Fed Members Back Faster Rate Hikes to Tame Inflation, Fed's Minutes Show

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Fed Members Back Faster Rate Hikes to Tame Inflation, Fed's Minutes Show

By Yasin Ebrahim

Investing.com -- Federal Reserve members were unified in their view that pushing interest rates to a restrictive level was needed to bring down inflation toward the central bank’s target, the minutes of Fed’s 26-27 July meeting showed Wednesday.

At the conclusion of its previous meeting on July. 27, the Federal Open Market Committee raised its benchmark rate by 0.75% to a range of 2.25% to 2.5%.

"In their assessment of the policy outlook, market participants expected significant policy tightening in coming meetings as the committee continued to respond to the current elevated level of inflation," the fed's minutes showed. "Nearly all respondents to the Desk survey anticipated a 75 basis point increase in the target range at the current meeting, and most expected a 50 basis point increase in September to follow," it added.

In the press conference that followed the monetary policy statement, Fed Chairman Powell signaled that the central bank may consider a pause on rate hikes after the September meeting to assess the impact of tightening on the economy and inflation.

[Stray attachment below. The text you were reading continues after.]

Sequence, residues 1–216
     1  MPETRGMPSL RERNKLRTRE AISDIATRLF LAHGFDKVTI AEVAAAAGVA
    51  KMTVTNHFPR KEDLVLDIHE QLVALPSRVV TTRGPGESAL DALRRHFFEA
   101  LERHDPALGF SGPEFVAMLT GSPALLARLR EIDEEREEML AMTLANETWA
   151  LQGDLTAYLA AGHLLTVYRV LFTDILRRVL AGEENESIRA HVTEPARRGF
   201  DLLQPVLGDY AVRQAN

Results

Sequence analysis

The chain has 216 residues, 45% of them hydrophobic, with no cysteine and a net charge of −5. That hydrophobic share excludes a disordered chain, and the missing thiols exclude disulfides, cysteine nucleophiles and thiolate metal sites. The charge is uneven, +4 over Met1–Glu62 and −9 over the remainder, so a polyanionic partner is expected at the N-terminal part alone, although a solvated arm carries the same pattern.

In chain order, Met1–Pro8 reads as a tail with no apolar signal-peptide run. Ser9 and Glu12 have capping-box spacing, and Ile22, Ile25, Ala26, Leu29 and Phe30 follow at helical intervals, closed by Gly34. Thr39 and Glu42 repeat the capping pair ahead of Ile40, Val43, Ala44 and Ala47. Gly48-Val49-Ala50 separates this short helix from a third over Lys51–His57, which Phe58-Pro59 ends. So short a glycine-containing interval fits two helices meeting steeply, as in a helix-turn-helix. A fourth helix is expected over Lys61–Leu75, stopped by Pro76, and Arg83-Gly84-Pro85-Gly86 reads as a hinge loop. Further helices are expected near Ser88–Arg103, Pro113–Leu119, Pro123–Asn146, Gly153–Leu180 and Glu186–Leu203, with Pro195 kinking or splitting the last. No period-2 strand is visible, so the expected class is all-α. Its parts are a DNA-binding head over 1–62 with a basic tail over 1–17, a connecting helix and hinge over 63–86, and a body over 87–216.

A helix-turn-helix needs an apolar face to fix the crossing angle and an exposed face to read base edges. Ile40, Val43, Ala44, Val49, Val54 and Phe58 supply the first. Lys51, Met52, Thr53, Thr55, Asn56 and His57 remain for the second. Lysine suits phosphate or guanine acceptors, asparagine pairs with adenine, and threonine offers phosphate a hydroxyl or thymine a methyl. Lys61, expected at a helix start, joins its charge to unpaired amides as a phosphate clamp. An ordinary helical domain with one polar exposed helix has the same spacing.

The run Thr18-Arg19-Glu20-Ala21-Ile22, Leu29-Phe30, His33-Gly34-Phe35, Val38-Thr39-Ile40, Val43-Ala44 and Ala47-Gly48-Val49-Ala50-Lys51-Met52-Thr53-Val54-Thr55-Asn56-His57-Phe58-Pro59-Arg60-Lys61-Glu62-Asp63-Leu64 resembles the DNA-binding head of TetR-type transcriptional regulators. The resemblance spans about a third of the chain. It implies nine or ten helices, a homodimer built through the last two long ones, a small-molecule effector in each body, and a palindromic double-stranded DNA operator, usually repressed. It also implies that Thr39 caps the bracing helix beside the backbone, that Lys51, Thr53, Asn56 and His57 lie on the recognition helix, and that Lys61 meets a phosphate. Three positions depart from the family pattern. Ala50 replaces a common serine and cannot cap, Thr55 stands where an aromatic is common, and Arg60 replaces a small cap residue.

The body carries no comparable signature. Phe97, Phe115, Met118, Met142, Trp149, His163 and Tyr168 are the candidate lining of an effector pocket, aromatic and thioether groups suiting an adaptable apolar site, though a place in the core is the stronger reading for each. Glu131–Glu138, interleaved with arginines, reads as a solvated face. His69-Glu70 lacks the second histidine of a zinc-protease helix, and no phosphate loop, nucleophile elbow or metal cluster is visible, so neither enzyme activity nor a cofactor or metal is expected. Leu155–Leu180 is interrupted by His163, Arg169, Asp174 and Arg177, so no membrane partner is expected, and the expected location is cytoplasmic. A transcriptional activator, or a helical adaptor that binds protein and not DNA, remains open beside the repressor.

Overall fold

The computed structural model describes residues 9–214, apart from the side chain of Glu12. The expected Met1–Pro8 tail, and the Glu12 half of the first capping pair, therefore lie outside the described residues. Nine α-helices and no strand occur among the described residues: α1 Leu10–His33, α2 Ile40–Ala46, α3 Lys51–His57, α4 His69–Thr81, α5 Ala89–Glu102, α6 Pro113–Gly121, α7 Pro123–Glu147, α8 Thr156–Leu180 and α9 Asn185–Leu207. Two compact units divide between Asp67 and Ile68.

At the July meeting there appeared to support among members to reassess the pace of tightening at some point, the minutes showed, though some were in favor of maintaining the Fed's benchmark rate at "sufficiently restrictive level" for some time to ensure that inflation was firmly on a path back to 2%.

Since the July fed meeting, economic data including signs of easing inflation and surge in monthly jobs have bolstered bets on a less hawkish rate hikes.

Fed members, however, were quick to pushback against the prospect of easing the pace of monetary policy tightening, reiterated that the fight against inflation is far from over. Earlier this month, San Francisco Federal Reserve Bank President Mary Daly “inflation remains far too high and not near our price stability goal.” 

The slower pace of inflation seen last month was mainly driven by falling energy prices, but core inflation, which excludes food and energy, will prove key to determining whether inflation will remain higher for longer.

“All eyes will be focus on how sticky is core inflation  … that's going to start driving the next leg of this inflation discussion,” Robert Conzo, CEO of The Wealth Alliance told Investing.com in an interview on Tuesday.

The Fed has hiked rates by 225 basis points, or 2.25% in just five months, prompting worries that the central bank could overdo do it on monetary policy tightening, pushing the economy into a recession.

While the Fed has repeatedly pointed to a strong jobs market as an indicator of economic strength, the central bank is “starting to get concerned about recessionary fears,” Conzo said, adding that the prospect of a 50 basis point rate hike for September is “priced in.”

Further clues on monetary policy are just a week away as investors await commentary from Powell at the Jackson Hole Economic Symposium on Aug. 25-27. 

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